US 5687385 A
A technique for insuring the integrity of documents such as, for example, letters of credit, contracts, etc., wherein groups of possible entries are linked to one another. When an entry from a particular group is placed in a first field, it requires entry of an element from a particular other group in one or more other fields. By checking the entries in each field against entries in other fields, inconsistences are eliminated.
1. A method of entering information into a database and ensuring that a computer generated transaction based upon said information is properly generated, the method comprising the steps of:
entering information into a first field, said information being selected from a plurality of possibilities, the possibilities being classified into predetermined groups;
entering data into a second field, said data to be entered into said second field being selected from a list of valid values for said second field;
determining, based upon said information entered into said first field, whether said second field can accept one entry from said list or plural entries from said list; and
allowing, in response to said step of determining, either one or plural entries from said list to be entered into said second field depending upon a result of said step of determining.
2. The method of claim 1 wherein said list is displayed on a computer screen immediately subsequent to entry of said data into said first field.
3. The method of claim 2 wherein said data entered into said first field and said data entered into said second field is verified only after said transaction is processed and stored by the computer.
This invention relates to computer data entry, and more particularly, to an improved technique which ensures that data entered at a computer which is utilized to generate transaction records is correct and consistent.
Computers are often used in today's society to generate a variety of business forms, many of which relate to or reflect business transactions. For example, computers may be used to generate receipts, purchase orders, or other transaction records. Typically, a user is required to enter one or more items of data into different fields, and the information is then utilized by the computer to generate one or more different business forms or transaction records. It is understood that for purposes of explanation herein, the terms "data" and "text" are both meant to be any type of information entered into the computer, including numerics, dates, character data, text, logical values (e.g.; true or false) etc.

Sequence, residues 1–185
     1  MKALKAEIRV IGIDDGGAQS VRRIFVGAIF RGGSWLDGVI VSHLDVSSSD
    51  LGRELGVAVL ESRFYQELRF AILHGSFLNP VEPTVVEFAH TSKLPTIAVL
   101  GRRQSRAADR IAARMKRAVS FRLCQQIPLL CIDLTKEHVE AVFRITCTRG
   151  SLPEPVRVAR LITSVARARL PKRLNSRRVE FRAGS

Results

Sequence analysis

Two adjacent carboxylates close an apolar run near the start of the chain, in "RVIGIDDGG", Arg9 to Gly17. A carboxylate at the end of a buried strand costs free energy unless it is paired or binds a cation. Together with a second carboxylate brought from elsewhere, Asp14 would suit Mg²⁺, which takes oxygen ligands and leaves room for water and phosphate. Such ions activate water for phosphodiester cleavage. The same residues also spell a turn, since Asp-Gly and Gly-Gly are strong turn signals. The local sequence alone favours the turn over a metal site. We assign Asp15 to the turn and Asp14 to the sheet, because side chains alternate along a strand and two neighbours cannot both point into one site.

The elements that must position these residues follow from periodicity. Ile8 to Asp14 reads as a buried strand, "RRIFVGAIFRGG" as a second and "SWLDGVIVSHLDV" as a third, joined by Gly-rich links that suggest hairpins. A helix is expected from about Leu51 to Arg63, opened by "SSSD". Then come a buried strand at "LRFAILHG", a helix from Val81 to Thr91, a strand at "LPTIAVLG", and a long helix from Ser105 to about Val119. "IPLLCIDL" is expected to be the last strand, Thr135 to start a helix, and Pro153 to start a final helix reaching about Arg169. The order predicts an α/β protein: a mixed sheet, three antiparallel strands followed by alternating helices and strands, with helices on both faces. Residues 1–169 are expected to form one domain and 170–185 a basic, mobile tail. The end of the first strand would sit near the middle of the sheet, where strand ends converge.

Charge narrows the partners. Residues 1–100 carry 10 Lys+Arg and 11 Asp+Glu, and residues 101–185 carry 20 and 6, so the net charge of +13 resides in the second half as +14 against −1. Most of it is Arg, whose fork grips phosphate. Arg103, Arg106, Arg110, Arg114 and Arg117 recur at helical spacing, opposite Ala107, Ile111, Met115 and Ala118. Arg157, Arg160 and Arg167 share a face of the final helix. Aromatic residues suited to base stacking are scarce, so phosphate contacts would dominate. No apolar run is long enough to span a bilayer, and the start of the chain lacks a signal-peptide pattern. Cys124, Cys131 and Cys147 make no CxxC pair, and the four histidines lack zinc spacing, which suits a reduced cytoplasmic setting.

In order to ensure that the correct data is entered into the appropriate fields, many computer programs include restricted fields. For example, if a particular field to be filled in by an operator is titled "location code", the field may be restricted to one of two values, each of which represents one of the two company locations. Other fields may be "masked", meaning that the data entry clerk either cannot alter the field, or cannot see it because it will not even be displayed.
While prior art systems provide some level of assurance that inappropriate data is not entered into particular fields, prior systems are not foolproof because they leave open the possibility of inconsistent and incorrect values being entered into various fields. Additionally, sometimes entry of specific data in a particular field requires a particular value or set of values to be entered in a second field. In other instances, entry of data into a particular field requires that a different field not have particular data, or not have any data at all. Another alternative might be that the absence of data in a particular field requires that a particular other field have certain data. All of this checking is left to the data entry clerk.
The above described problems are particularly troublesome in the financial community, where large sums of money are involved and complex legal documents must be generated. There exists no way of assuring that the above requirements are met. The best technique presently known is to simply invest in training the appropriate personnel to carefully check for errors. Not only does this require a relatively highly skilled, and therefore somewhat costly data entry clerk, but it is also subject to human errors.
For example, consider a letter of credit, issued by a bank and often used to effectuate payment to a seller in international transactions. The letter of credit may include, among other items, shipment terms. For any particular shipment terms, a set of further information may be required to be entered. If an insurance term is required, there may be specific types of insurance which either (i) must be present or (ii) must not be present. Moreover, the particular terms which either must be present or may not be present may depend upon other data entered into other fields, such as the particular customer, the particular shipment destination, etc.
Correct generation of a letter of credit and supporting conditions and documents is critical because the banking institution, which ultimately pays the seller, does so upon presentation of the proper documentation. The bank has no interest in, and little knowledge of, the actual commercial transaction taking place. Moreover, the bank will normally not be legally liable for any damages provided that it pays upon properly presented letter of credit documents. Thus, documents incorrectly generated can, and sometimes do, result in errors causing millions of dollars in losses.